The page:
Updated: January 14, 2014 12:18PM
A female reader writes in response to last week’s column, “I read your article in Thursday’s paper and I must say that I was deeply moved. I am at a point in my life that love (real/true) just isn’t in my deck of cards. Everything you mentioned in your viewpoint is so true from what I have experienced. Thank you for your uplifting words . . .”
Dear daughter, keep the faith. There are aces and kings, even in your deck. Reshuffle. Be still. Don’t settle. And throw out the jokers.
A male reader writes, “Hi Mr. Fountain. I read your article about real men . . . Though I agree with most points, my concern is that you appear to also buy into the American societal belief that men are the problem. The reality is that (the) majority of women don’t respect themselves!
“Not only that, by pointing out all these inadequacies in men, you’re neglecting that women also need to step their game up and be women! You don’t totally let women off the hook, but you aren’t holding them fully accountable . . . I’ve worked in the nightlife industry for some time now and I can honestly tell you that women are the least behaved of the two sexes.”
Dear brother, are you serious? Du-u-u-ude . . . I wouldn’t exactly call you a fool. But your words are dripping with foolishness, with sexism and the kind of blame shifting that seeks to let men off the hook. To that, to you, and especially to all those trifling and irresponsible brothers out there, I’d say, “Man up!” And also “Put up or shut up!”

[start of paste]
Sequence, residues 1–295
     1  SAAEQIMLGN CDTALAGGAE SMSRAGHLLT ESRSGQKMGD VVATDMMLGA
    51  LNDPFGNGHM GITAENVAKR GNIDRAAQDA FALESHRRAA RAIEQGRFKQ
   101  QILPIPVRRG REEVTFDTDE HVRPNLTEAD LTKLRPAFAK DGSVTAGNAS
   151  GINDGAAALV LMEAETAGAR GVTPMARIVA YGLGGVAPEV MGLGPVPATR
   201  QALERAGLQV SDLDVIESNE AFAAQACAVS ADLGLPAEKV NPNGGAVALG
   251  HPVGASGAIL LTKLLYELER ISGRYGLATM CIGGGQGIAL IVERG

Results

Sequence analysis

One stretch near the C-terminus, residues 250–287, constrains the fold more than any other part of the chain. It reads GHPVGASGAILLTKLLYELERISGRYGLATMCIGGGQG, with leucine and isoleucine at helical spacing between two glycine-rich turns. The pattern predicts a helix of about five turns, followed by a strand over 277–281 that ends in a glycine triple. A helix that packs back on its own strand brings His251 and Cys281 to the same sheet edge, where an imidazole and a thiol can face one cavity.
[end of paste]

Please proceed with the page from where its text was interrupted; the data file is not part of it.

As a man, I have witnessed that men quite often — too often — are the problem. The point in my writing was to help my daughter — and others — avoid the snakes, bums and other assorted no-good-for-nothings of the male species.
There is clearly good and bad in both sexes. I want my 11-year-old son to become the kind of man I would want for my daughter. And I want my daughter to be the kind of woman I would want for my son. I want both of them to be accountable, good and decent, responsible human beings.
Writes another reader, “I am a daughter that has been disappointed by her father. I am a daughter that has been raised by a strong mother and a ‘matriarchal’ family. I have graduated from college, found my career path . . . I have had bad boyfriend after bad boyfriend. Reading this article was a huge wake-up call for me.
“I have been treated horribly by men. But I still believe God is sending my mate. So I decided to focus on myself and work on my goals . . . I will read this every day to remind myself of how valuable I am.”
Dear daughter, some men have a hole in them so deep that they are incapable of loving themselves, let alone anyone else. You are invaluable. Never stop loving you.
A father writes: “John, I just finished your article. I have a 12-year-old daughter and I am worried sick about who she may end up with down the road. It seems that there are no real ‘men’ left in this world, especially this new generation. I will print a copy of your column and refer to it frequently when searching for some advice. Great piece . . . Thank you.”
No, brother, thank you.